Yes, the Seattle Spinco - Micro Focus Intl merger step made things a bit weird.
As far as I have figured out, the issue with the "capital gains" and the missing 1099-B for that portion, is that the merger was between a US company and a foreign (UK) company. That made the merger *taxable* , so you need to report capital gains on the merger (with a caveat ... next paragraph). It wasn't a "sale" per se ... but a taxable merger. (When a US company merges into a US company, generally the merger is NOT taxable.)
The caveat is that you have to report something on the Form 8949/Schedule D about the merger only if the value of the new Micro Focus ADR shares is larger than your Seattle Spinco cost basis. (So you actually have a capital gain.) (This sounds like your situation.) (Either the HPE or the Micro Focus "tax information" document (I think the HPE one) stated that the value of the Micro Focus to use was $29.34/shr).
If someone had a *loss* then they do NOT report a capital loss ... they are supposed to just reduce their basis by the amount of the loss, but report nothing on their taxes this year.
There was a website having to do with "HP alumni" discussing all this with reference to Micro Focus derived from ESPP shares, and apparently that is a bigger mystery yet.
This, I think, put the brokerages in a bit of a bind for clients who had non-covered shares. Even if you had reported a cost basis for the HPE (or predecessors) to them, they couldn't be 100% sure it was correct, so they couldn't be 100% sure whether they were really supposed to report something on the 1099-B. (If you turned out to have a loss (not supposed to report), but the brokerage had actually put the transaction on the 1099-B, then it would be a mess with a transaction reported to the IRS that should have never been reported.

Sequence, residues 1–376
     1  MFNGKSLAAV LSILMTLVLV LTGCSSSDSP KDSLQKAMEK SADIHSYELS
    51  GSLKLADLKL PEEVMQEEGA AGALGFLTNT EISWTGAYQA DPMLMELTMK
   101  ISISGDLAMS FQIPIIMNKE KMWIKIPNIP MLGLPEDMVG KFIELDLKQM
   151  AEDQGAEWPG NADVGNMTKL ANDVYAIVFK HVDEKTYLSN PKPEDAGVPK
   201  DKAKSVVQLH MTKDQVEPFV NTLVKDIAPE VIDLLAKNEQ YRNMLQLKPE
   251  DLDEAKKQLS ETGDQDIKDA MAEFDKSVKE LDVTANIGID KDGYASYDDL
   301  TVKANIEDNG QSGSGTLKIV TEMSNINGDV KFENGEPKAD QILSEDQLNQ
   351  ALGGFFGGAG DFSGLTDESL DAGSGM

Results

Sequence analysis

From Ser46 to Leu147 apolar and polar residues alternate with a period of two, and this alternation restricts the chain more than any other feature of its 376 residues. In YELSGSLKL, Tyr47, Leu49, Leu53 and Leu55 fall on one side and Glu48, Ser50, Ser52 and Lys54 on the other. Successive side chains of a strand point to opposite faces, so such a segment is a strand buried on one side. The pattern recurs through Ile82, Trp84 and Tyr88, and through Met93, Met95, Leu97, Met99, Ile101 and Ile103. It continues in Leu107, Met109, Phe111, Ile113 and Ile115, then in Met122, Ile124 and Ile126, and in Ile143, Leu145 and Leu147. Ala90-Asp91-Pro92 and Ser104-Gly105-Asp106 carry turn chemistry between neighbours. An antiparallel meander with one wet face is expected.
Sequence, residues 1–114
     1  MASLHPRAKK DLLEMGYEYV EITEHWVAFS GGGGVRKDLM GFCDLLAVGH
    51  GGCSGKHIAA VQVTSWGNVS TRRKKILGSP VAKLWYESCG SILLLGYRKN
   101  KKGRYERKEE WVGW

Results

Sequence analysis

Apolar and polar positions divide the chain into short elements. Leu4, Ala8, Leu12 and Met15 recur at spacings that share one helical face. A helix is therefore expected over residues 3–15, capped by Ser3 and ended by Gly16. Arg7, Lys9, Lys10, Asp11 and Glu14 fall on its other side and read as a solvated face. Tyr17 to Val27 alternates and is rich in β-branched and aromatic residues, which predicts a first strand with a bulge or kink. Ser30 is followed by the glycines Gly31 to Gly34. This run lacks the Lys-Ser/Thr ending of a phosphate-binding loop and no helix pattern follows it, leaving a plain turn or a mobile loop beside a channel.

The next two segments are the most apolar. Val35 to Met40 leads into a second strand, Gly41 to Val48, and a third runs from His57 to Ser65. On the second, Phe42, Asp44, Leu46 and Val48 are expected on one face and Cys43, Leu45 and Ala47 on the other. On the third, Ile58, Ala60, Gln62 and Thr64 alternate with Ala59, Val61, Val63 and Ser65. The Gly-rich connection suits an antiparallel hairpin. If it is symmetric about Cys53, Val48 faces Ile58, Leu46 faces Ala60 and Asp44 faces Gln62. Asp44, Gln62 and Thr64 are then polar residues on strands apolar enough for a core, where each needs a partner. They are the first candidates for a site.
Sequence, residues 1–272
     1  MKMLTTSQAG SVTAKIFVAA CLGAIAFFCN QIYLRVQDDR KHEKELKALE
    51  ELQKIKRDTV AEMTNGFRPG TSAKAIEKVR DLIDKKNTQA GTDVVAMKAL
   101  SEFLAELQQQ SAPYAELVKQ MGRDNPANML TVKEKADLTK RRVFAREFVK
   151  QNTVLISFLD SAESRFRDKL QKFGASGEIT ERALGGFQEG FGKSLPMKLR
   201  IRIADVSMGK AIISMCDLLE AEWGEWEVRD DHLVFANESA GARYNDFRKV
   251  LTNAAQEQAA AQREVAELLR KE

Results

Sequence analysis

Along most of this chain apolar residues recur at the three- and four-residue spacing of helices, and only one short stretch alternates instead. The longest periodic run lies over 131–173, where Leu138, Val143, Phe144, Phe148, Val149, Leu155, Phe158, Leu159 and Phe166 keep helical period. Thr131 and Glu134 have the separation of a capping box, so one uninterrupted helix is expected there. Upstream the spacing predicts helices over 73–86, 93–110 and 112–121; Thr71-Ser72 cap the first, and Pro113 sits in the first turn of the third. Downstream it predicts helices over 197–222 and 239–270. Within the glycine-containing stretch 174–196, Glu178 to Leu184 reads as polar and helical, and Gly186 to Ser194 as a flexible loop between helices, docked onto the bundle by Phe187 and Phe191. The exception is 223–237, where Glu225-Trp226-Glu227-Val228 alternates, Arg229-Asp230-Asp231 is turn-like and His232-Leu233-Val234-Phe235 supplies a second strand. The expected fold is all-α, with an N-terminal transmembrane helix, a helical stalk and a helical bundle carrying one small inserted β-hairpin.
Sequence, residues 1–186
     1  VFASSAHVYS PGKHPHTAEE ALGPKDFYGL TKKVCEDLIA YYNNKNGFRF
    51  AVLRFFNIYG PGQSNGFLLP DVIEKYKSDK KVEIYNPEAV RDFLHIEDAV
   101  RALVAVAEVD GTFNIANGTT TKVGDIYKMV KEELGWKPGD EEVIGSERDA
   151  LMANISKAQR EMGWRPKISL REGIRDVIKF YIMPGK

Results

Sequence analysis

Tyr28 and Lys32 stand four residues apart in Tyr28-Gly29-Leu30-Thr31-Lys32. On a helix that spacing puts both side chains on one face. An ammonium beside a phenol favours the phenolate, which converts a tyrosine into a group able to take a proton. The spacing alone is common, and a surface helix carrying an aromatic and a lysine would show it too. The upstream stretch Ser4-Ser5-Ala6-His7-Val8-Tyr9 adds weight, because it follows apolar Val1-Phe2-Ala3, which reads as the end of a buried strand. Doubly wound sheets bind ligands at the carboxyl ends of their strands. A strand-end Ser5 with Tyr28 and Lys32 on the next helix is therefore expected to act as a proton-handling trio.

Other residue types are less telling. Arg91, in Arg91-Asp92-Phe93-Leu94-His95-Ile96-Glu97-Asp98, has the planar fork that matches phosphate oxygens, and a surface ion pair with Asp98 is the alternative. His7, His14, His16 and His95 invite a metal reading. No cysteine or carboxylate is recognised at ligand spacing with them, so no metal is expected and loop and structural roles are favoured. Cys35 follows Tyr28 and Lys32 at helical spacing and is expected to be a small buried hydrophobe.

Vanguard brokerage's decision (as far as I can surmise ... I didn't ask them) was that they didn't put anything on the 1099-B for non-covered Seattle Spinco shares and left it up to the owner to figure out whether there was a reportable transaction or not. (The transaction does appear on the 2017 "realized gains and losses" tab of the "Cost basis summary" page on the Vanguard website, however.)
I reported it on a Form 8949 with the "F" box checked. ("Long-term transactions not reported to you on Form 1099-B.") Don't remember exactly how I did it using Turbotax, but it was something that was obvious to me. (Answering "Do you have any additional stock sales not reported on a 1099-B?" or some such.)
And, then, yes, there was the cash-in-lieu for any partial share of Micro Focus that arose out of all this. (I did have an entry on the 1099-B for that, because that was a true sale where either gain or loss would be reported.)
I have a note written on my spreadsheet to the effect that neither the HPE nor the Micro Focus tax information letters ever explicitly said whether the old acquisition date was supposed to be carried forward. However, the HPE letter said a lot about making sure you went through this "Do I have a gain or a loss?" decision with each lot individually, so I surmise that, yes, the old acquisition date carries forward. (There wouldn't be separate lots any more if the old acquisition dates didn't carry forward.) (Kind of makes sense since it wasn't a "sale/repurchase" per se, but a taxable merger due to one side being a non-US company.) Vanguard brokerage thinks so, too, although I take their opinions on such things with a grain of salt.
Ah, well, that was probably a lot of words for something you have already figured out. But at least you know you have company in this particular aspect of your tax preparation